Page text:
Luciano and Fernando Cuenca and Donkey Margarita

Luciano and Fernando Cuenca and Donkey Margarita

The Cuencas and other members of their Meetup group plan veg-friendly outings for parents and children. Previous Meetup events include potlucks, camping trips and restaurant meals, all structured to be both kid-friendly and veg-friendly, too.

During my brunch with the Cuencas, 3-year-old Luciano recounted his visit with the Meetup families to Precious Life Animal Sanctuary in Sequim, Wash., just the day before. He told me he met a big cow named Casper and some bunny rabbits and a turkey. The children also met a donkey named Margarita and a sheep named Miranda at the mountain-side farm. The Cuencas were joined by three other families with children ages 2 to 4.

Christina Cuenca explained that group events are a safe place where the kids can meet other kids who are like them, and they can share the same foods as kids like to do. Currently, more than 80 families are members of the Seattle Area Vegan and Vegetarian Families Group, with new members weekly.

Anika Ledhe, founder of Seattle’s VeganScore.com (a source for all things Seattle, vegan and new) reminded me in a recent interview that humans need community to thrive, and being vegan or vegetarian can be isolating regardless of your honorable intentions. Luckily, here in Seattle, good food, motivation, education and especially a genuine supportive community are not far away if you are ready to take the first step toward vegetarian- or veganism.

To connect with the Seattle Area Vegan and Vegetarian Families Group on Meetup, visit www.meetup.com/Seattle-Area-Vegan-and-Vegetarian-Families-Group.

To learn more about the Vegetarians of Washington, visit www.vegofwa.org.

CHRISTIE LAGALLY writes a blog called “Sniffing Out Home: A Search for Animal Welfare Solutions” at http://www.sniffingouthome.org. She also hosts the new “Living Humane” radio talk show on KKNW 1150AM. To comment on this column, write CityLivingEditor@nwlink.com.

Leave a comment »

AMONG THE ANIMALS: Pasado’s provides safe haven for abused animals

Lamp Chop as a baby sheep

Lamb Chop as a baby sheep

By Christie Lagally

(c) Pacific Publishing Company

January 10, 2013

Originally published in the Queen Anne News and City Living Seattle

The grunts and oinks from Bentley and Oscar started up immediately as we walked into their stall at Pasado’s Safe Haven. Stacie Martin, the sanctuary director of operations, was giving us a tour, and she kept saying we should come meet the pigs. But clearly, we were there for the pigs to meet us.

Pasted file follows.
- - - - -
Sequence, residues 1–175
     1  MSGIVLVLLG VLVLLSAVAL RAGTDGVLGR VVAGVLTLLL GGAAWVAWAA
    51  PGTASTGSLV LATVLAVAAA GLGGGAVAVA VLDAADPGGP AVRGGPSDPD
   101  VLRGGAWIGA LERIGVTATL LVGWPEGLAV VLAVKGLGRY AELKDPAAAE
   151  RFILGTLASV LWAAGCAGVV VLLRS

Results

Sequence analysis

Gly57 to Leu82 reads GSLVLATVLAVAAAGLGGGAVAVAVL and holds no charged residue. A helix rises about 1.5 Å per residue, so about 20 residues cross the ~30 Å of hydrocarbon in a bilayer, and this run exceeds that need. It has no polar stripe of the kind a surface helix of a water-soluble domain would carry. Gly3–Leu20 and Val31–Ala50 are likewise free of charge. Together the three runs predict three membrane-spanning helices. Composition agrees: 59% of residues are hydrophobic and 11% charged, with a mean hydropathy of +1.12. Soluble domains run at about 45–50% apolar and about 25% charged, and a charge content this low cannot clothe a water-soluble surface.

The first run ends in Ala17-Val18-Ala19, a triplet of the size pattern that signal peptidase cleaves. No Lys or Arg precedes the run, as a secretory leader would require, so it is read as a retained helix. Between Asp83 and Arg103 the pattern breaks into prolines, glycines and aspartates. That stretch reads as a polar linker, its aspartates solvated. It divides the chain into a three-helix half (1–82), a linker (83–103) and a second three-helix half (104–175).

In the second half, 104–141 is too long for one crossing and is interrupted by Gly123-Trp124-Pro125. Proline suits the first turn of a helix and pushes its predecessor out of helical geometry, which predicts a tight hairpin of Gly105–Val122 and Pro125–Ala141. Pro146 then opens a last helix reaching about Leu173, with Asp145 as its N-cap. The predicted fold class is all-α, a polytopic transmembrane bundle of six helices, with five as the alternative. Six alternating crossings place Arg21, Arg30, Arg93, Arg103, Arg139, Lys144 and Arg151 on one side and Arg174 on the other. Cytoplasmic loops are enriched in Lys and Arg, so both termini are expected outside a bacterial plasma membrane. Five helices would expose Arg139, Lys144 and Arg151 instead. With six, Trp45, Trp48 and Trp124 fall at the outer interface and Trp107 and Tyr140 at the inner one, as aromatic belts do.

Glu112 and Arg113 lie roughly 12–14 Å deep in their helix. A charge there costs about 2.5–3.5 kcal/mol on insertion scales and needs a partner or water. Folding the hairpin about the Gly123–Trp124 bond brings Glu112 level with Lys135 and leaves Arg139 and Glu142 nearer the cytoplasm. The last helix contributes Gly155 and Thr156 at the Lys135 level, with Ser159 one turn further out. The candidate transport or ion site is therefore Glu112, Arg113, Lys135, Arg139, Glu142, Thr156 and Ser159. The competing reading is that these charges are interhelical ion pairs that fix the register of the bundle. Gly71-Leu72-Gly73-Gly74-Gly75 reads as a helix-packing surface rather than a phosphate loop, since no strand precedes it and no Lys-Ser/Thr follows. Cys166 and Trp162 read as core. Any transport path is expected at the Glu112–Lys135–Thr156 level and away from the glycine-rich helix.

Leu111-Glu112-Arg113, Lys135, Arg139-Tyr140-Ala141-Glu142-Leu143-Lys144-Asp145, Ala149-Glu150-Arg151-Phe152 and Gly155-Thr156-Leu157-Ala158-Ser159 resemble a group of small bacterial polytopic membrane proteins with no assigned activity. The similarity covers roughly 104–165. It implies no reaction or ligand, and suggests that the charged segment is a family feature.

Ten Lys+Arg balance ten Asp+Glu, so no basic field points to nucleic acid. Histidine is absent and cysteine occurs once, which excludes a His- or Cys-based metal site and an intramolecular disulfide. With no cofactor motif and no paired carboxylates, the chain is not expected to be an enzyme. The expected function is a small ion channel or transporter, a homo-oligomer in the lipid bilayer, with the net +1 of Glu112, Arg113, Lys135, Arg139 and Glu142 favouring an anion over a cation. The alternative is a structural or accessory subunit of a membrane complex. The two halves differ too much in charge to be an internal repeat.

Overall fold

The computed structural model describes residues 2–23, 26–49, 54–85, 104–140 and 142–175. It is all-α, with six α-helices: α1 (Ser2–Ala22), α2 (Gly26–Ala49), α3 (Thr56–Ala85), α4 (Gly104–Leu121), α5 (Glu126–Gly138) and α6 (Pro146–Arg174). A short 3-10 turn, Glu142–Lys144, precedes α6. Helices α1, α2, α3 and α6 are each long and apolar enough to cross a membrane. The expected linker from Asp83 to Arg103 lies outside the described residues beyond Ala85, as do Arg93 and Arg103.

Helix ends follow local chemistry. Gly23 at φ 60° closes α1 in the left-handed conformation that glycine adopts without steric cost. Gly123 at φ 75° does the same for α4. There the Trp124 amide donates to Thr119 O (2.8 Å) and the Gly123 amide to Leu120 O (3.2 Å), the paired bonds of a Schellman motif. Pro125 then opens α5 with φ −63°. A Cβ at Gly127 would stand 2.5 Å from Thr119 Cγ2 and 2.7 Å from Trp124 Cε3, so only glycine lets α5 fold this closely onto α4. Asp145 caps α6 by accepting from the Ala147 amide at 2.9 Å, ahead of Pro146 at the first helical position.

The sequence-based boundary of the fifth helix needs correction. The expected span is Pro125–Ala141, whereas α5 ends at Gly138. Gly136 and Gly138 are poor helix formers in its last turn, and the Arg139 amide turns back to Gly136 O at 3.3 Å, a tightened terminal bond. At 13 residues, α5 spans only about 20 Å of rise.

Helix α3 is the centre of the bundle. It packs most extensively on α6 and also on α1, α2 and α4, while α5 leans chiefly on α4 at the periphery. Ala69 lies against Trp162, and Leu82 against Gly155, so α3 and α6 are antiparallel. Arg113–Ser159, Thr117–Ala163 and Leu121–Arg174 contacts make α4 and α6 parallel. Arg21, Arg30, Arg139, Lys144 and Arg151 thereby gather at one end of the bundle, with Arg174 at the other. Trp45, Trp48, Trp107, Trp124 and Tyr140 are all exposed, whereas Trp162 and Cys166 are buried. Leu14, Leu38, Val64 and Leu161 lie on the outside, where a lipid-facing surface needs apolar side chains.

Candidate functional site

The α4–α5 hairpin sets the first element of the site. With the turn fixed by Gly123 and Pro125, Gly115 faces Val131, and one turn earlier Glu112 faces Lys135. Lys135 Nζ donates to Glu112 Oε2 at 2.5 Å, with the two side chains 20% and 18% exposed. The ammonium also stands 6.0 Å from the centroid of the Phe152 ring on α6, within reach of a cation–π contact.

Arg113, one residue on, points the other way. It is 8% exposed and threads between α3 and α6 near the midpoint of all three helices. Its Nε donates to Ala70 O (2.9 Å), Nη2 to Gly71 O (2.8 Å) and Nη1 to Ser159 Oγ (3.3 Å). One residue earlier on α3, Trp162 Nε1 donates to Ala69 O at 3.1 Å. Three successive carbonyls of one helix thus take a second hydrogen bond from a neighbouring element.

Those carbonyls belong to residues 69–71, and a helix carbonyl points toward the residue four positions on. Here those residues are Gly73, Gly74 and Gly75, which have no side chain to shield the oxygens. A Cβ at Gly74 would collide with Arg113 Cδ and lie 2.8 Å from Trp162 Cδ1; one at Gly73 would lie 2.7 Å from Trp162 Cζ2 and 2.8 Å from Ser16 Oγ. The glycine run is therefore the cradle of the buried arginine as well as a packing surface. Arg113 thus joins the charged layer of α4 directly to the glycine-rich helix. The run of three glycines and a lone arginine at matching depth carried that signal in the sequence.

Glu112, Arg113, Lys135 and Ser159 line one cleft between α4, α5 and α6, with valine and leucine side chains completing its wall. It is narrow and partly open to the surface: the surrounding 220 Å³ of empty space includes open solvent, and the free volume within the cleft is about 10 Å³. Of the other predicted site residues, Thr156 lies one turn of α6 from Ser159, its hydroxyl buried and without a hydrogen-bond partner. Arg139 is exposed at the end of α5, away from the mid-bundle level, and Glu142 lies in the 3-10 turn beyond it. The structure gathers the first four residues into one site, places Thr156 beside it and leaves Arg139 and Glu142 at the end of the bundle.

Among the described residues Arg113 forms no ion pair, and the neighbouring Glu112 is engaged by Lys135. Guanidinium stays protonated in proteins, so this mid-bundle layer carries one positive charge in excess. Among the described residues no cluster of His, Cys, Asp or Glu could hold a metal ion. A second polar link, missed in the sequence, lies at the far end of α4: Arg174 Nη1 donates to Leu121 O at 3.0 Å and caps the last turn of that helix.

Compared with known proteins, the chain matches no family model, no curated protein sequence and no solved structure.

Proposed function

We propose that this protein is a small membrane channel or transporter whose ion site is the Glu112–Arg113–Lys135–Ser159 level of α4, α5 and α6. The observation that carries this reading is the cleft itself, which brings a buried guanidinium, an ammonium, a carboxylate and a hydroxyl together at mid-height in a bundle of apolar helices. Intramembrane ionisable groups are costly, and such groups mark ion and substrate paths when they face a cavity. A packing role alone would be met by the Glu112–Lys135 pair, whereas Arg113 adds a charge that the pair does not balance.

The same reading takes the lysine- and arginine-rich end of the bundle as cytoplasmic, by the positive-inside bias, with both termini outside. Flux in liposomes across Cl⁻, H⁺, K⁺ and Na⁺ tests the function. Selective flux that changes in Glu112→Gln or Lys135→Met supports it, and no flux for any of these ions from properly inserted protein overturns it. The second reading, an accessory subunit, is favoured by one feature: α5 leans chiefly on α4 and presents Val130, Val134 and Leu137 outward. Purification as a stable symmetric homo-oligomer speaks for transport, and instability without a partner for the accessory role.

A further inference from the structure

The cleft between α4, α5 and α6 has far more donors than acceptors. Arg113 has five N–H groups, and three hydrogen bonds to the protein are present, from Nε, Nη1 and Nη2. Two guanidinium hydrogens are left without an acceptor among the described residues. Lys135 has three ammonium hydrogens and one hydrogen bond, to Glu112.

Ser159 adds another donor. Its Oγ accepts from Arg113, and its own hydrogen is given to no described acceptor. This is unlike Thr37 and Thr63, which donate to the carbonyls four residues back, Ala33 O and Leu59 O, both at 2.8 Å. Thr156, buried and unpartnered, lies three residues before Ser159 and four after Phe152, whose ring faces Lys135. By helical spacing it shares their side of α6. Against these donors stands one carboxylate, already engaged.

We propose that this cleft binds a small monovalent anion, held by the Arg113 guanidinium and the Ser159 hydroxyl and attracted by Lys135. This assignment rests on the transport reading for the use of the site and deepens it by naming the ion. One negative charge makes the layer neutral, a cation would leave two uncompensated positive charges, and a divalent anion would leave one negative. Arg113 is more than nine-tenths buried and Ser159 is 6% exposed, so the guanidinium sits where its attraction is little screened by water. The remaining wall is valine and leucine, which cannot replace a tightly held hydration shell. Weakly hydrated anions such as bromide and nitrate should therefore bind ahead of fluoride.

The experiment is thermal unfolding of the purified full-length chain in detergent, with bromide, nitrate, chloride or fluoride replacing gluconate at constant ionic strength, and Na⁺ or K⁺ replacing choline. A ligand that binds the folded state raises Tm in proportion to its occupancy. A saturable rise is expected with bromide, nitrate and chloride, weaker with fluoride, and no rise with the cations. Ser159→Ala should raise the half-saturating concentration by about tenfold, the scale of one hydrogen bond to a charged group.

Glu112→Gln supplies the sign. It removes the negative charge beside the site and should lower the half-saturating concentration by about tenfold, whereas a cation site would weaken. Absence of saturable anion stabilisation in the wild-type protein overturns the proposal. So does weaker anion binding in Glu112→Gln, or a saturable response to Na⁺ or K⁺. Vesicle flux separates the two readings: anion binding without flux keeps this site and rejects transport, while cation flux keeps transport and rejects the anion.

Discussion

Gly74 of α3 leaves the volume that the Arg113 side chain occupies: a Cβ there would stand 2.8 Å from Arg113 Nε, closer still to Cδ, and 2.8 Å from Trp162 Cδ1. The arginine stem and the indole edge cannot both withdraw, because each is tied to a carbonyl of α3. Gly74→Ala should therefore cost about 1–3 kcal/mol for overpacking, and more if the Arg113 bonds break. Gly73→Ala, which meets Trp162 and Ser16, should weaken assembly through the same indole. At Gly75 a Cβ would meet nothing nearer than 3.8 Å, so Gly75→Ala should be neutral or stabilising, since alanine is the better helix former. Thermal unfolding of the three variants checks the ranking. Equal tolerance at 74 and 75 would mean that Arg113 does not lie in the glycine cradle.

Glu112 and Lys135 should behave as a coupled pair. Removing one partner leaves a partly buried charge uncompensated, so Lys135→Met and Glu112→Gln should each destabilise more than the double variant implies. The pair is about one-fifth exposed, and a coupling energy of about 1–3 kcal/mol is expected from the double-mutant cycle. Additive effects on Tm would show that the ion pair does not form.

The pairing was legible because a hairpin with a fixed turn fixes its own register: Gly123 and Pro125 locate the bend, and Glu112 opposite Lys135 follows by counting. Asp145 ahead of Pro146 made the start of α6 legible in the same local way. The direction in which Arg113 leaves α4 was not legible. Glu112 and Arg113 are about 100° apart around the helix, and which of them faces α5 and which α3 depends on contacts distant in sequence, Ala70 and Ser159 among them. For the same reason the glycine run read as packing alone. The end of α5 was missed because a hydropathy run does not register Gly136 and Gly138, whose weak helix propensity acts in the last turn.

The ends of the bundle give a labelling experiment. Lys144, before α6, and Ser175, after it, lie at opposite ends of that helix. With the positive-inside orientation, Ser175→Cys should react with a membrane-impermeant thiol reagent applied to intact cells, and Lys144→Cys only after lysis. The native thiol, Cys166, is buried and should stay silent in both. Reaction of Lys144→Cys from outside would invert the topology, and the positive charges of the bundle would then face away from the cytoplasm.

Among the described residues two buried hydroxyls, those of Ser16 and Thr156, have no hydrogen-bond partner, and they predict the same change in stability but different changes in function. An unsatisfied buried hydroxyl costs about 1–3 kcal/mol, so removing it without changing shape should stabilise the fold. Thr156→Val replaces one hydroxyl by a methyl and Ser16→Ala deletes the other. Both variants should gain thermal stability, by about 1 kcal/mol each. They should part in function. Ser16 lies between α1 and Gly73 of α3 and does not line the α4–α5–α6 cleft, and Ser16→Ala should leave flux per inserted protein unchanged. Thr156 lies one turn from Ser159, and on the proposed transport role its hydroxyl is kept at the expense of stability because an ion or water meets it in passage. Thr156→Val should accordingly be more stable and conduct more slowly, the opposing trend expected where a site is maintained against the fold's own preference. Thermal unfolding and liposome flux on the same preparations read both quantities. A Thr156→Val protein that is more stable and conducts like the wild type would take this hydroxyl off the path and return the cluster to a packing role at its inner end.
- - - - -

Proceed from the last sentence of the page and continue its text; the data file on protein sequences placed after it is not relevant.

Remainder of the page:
Stacie Martin and Bentley

Stacie Martin and Bentley

Bentley a stout, pink Potbelly pig had a lot to say — particularly where to scratch on his back and grunts of hello to my husband, who joined me on the tour.

Pasado’s is a unique place as a sanctuary for all types of animals, but also for their work changing law. In its nearly 15-year history, the organization has pressed through anti-cruelty laws that made many types of animal abuse toward companion and farm animals a felony in Washington state.

The sanctuary is named for the loss of a loved one: a beloved donkey named Pasado, who was brutally beaten and killed by teenagers. In the wake of his death, the founders of Pasado’s Safe Haven made it their mission to require stiff penalties for animal cruelty and to see that justice is served.

In that fine tradition, today, Pasado’s employs three animal-cruelty investigators and, this year alone, has re-homed or provided sanctuary to more than 700 animals in need. Many of the sanctuary animals are rescues from cruelty investigations.

Chickens at roosting hour

Chickens at roosting hour

A better life

A chicken barn full of white to red, big to small chickens, roosters and even a rogue turkey was our next stop. Martin explained that 50 of the white birds had come from a factory farm in Turlock, Calif., where 50,000 hens were left to starve to death earlier this year. Local animal-control agencies found 17,000 hens dead on arrival.

Animal Place, a farm-animal sanctuary in California, took more than 4,000 of the hens, and other organizations like Farm Sanctuary and Pasado’s took hens as well.

Now, with the freedom to walk around and to act like a chicken, these hens — unlike their pig neighbors — had little concern for our presence at the twilight roosting hour.

But the difference between the conditions shown in a photo of battery-caged chickens on the barn wall and the busy, nesting white hens before me was not just visual — it was palpable. These animals had been rescued from horrible conditions, and they intended to live their lives uninterrupted from now on.

Goat turned in for the night